Have you ever gone to job websites (Monster, Career Builder, Craigslist, etc.) and noticed which types of jobs have the most listings? The least listings?
Have you ever looked at the job market for what your student is interested in pursuing? Even better, has your student researched the job?
Very often, students are told to follow their passion when thinking of a college major or a career.
At first glance, this seems like good advice.
Follow your heart, do what you love. But what happens when following your passion leads to no job opportunities or low wages? Assuming you have student loans, how do you pay those?
Help your students think about pursuing practical skills that will lead to a job that pays a decent salary.
My three oldest children have graduated college with four year degrees. One has a Master's degree in Engineering, one is in the second year of a Physician's Assistant Master's program, and one has a dual degree in Piano Performance and English.
My son, with the dual Liberal Arts degree, after being out of school for over a year, has come to this conclusion:
"If I were 18 again, and had the same knowledge then that I do now about the job market and "real life" and what an undergraduate liberal arts degree (or even two of them) means for a 22 or 23-year old without a lot of work experience, I wouldn't make the same choice that I did. I have no regrets about having spent four years and a summer getting a BA and a BM — I think it was time well spent — but do I wish I had something else, like an engineering or computer science degree? Yes."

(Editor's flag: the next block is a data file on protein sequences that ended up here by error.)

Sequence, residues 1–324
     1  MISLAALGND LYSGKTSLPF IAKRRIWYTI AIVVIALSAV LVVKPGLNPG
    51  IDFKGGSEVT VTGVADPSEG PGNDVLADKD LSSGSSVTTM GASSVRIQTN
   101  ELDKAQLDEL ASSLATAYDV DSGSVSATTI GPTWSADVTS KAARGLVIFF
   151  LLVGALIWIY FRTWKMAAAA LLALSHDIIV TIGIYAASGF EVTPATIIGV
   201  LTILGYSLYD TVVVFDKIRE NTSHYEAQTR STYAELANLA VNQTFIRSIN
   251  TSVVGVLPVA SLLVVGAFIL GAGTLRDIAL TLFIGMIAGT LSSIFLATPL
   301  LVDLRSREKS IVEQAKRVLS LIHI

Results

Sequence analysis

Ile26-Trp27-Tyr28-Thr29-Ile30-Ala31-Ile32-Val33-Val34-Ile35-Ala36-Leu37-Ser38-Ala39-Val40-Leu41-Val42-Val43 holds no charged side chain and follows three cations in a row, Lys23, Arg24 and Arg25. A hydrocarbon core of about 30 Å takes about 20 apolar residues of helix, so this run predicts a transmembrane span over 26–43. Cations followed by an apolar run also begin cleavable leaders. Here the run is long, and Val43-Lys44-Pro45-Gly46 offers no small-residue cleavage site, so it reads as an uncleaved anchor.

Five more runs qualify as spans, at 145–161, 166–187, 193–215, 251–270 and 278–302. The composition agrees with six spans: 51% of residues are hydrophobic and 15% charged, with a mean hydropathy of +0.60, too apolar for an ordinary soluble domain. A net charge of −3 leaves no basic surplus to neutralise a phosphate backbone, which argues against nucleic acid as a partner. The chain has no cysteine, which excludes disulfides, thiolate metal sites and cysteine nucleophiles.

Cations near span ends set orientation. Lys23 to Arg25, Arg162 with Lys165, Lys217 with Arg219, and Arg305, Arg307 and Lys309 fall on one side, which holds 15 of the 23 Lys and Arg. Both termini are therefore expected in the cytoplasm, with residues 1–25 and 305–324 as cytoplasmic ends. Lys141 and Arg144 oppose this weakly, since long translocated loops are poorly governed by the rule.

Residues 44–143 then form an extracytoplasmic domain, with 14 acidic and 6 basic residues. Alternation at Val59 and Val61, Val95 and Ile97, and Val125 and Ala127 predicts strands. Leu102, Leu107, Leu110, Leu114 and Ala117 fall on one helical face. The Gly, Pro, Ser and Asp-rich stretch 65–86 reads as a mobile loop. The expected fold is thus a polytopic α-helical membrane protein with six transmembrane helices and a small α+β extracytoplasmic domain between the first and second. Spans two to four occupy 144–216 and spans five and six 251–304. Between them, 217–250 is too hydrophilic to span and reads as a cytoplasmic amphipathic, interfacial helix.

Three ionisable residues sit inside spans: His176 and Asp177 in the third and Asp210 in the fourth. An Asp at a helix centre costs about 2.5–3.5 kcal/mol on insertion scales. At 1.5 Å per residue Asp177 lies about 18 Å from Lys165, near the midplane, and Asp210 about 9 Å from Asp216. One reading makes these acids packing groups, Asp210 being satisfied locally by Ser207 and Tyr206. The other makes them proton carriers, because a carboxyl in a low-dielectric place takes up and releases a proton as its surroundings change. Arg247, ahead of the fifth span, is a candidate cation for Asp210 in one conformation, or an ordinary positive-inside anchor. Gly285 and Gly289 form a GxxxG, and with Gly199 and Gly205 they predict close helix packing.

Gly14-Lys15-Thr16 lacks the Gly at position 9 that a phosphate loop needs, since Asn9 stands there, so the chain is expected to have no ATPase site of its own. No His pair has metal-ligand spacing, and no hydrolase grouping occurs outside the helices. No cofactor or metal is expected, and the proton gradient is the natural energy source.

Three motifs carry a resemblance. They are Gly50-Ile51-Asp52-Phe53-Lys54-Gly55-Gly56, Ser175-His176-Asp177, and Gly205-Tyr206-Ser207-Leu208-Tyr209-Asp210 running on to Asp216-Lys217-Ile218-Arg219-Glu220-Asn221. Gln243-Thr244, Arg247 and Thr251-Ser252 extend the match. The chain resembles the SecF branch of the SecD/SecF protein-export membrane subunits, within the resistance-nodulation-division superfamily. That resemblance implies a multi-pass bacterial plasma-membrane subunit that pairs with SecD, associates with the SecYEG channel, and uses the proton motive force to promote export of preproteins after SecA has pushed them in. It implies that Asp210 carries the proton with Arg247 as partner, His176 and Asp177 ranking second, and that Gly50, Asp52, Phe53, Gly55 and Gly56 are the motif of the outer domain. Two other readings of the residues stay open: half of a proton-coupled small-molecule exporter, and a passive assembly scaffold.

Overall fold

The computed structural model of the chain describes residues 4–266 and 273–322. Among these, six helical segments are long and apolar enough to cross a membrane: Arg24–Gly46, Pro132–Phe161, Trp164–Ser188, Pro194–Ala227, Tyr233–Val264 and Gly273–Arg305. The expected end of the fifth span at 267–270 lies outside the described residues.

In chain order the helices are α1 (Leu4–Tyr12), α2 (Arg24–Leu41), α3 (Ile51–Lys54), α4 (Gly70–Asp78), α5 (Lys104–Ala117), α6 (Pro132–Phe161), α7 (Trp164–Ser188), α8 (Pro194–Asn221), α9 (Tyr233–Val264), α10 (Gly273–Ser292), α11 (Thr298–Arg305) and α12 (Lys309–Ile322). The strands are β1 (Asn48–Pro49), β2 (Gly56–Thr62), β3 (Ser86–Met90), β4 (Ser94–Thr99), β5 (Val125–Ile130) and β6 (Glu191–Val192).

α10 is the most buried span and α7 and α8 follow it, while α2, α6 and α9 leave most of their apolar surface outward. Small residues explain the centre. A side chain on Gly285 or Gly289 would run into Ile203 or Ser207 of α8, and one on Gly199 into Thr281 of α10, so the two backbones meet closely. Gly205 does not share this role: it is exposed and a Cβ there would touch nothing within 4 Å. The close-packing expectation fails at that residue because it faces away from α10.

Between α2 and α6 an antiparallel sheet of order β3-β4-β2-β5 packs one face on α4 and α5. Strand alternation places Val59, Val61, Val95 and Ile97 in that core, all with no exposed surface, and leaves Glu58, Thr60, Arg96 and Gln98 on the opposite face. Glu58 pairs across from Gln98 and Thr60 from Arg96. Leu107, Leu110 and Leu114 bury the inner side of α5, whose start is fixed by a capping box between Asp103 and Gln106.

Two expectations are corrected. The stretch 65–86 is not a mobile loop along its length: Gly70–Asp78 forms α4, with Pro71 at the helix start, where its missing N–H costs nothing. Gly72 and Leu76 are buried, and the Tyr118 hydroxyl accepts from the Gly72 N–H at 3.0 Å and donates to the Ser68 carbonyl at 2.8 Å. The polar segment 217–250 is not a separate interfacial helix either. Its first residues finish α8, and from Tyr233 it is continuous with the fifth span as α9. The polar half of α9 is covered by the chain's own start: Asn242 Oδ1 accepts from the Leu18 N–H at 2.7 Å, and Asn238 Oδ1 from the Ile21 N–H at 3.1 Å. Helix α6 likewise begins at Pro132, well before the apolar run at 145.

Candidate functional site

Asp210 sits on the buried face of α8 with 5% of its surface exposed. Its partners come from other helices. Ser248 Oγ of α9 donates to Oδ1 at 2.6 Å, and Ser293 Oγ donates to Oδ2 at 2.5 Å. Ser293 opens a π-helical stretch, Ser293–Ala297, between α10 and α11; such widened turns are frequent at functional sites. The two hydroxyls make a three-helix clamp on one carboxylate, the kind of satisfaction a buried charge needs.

He could have taken some programming classes while in college. He could have majored in some kind of computer science or engineering instead of English.If he had added some practical courses to his college education he would have more employment opportunities available to him.
At 17 or 18 years old your student is not thinking about 6-10 years down the road. They cannot really envision what life in the ‘real adult’ world requires. Help them think about what that might look like.
The big mistake many college students make is not considering the ‘real adult’ world after college.
In the ‘real adult’ world, there are bills to pay, food to buy, insurance to procure; the list seems never-ending. Having a job that allows a young adult to be self-supporting is beneficial in the real world.
If a student has no in demand skills, if they have a pre-unemployment degree (one that does not lead to a job), they are going to find the ‘real’ world to be very difficult.
They don’t want that, and as the parent, you don’t want that.
Encourage your student to not make this big mistake.
Even if they do follow their passion, encourage them to add a minor, second major, or just electives in a marketable skill.
If their ‘passion’ doesn’t really require a college degree, can they create their own job by turning their skills and passion into a business? Maybe a few business courses would benefit their dream.
I think the time has come to stop telling students to pursue their passion and dream even if it doesn't result in a job. It is time to be realistic and encourage them to add marketable skills to their passion if that passion isn't in demand in the job market.
If you are not going to college to get a job what are you going for? To get in debt?